At the other end of the pipeline, Wylie Mitchell, the dean of admissions at Bates College in Lewiston, Me., said ruefully of summer school: ''It's part of the frenzy. Families are grasping at everything they perceive to be a possible plus in the admissions equation.''

So the bright and motivated children of suburban Chicago's prosperous North Shore spend their summers at the lab table or the computer terminal in New Trier, rather than being a lifeguard, bagging groceries or otherwise decompressing. If anything, New Trier's academic bent to summer school predates the current trend by several decades. As far back as the 1970's, nearly half the school's pupils were enrolling in the session.

Some students today take required classes over break not to enhance their college applications but to open more time in their fall or spring schedules for music or art courses they adore. Purely pedagogically, the summer school program here has much to recommend it. Its long periods and sharpened focus allow New Trier's faculty to function like college professors conducting seminars.

Intentionally or not, the nearly year-round schedule also addresses one of the major criticisms of American schools: that the academic calendar is too short and that students spend the summer forgetting half of what they just finished learning.

Still, the stakes have risen notably in the last 10 or 20 years, according to both Mr. Conroy and Dr. Henry Bangser, superintendent of the New Trier district. Twice as many New Trier students now apply annually to the most selective colleges and twice as many sit for the Advanced Placement exams in various subjects. The rankings published by U.S. News & World Report have rewarded colleges for, among other things, admitting the smallest possible number of an increasing pool of applicants.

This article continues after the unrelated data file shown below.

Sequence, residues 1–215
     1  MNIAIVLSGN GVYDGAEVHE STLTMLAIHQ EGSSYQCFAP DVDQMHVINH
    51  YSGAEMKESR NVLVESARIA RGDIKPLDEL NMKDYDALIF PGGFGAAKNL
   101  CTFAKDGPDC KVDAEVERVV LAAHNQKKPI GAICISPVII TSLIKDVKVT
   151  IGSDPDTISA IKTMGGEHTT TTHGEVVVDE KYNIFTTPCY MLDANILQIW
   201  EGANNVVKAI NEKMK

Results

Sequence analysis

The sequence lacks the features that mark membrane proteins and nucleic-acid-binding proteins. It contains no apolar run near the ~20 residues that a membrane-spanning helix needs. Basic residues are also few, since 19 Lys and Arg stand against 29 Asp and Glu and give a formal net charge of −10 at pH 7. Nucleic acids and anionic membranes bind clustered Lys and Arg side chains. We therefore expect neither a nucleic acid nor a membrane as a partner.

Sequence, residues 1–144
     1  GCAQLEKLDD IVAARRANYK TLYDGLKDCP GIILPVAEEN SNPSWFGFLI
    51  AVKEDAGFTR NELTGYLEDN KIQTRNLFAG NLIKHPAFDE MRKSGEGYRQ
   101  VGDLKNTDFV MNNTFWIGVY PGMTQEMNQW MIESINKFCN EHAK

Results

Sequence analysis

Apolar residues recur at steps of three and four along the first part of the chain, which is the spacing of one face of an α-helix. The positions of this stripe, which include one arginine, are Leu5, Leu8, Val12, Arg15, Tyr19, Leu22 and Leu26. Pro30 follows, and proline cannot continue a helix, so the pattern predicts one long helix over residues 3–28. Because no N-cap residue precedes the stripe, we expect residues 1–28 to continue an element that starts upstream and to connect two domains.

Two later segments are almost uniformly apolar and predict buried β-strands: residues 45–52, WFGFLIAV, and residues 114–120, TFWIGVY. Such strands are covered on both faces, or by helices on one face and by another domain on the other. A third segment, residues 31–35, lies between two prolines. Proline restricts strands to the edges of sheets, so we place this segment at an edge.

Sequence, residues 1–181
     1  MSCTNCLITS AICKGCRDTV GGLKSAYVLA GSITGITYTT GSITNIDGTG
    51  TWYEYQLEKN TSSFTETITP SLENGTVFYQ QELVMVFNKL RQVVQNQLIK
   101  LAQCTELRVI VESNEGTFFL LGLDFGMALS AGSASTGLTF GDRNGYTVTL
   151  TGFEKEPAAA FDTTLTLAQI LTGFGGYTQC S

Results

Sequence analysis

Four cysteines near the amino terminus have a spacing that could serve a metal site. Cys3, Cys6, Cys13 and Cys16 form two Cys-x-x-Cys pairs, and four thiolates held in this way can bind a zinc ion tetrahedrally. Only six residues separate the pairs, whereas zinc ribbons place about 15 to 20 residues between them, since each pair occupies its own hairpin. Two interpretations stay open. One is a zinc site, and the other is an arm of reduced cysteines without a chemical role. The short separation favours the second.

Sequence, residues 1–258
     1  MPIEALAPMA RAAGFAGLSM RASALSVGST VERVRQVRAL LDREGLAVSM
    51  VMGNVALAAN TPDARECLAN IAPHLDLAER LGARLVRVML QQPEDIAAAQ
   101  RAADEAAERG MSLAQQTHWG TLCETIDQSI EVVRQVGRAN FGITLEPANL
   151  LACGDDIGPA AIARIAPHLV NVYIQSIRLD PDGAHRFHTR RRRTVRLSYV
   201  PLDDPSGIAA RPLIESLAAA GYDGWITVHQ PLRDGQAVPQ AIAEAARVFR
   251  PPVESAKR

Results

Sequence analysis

By taking major classes in summer school, New Trier students can fill their regular schedule with the maximum number of honors or advanced-placement classes, culminating in the national Advanced Placement exams. Or they can lavish undivided attention on one especially challenging summer class in pursuit of an A. Dozens of students from outside the district on the North Shore, a few from as far as 30 miles away, seek places in New Trier's summer program.

Back in the early 1990's, Dr. Bangser said, his daughter was a star student at New Trier and decided not to take summer school because ''she'd worked so hard during the year that she wanted to get away from it.'' In today's climate, he said, she would be hard-pressed to avoid it.

If there is a voice of reason to be heard on the subject, it just may belong to Susan Sperling, a 15-year-old who wrote about the summer-school phenomenon for the sophomore class's newspaper. ''School and summer are merged for many people,'' she said in an interview. ''It's a long time to keep studying. It's school, more school and no break. It can create a burnout.''

While she comes from a typically accomplished New Trier family -- both parents are lawyers, and her father is an Amherst alumnus -- Miss Sperling has heeded her own counsel. This summer, she said, she is playing with her pet dog, Sasha. And, oh, yes, she is taking one course: driver's ed.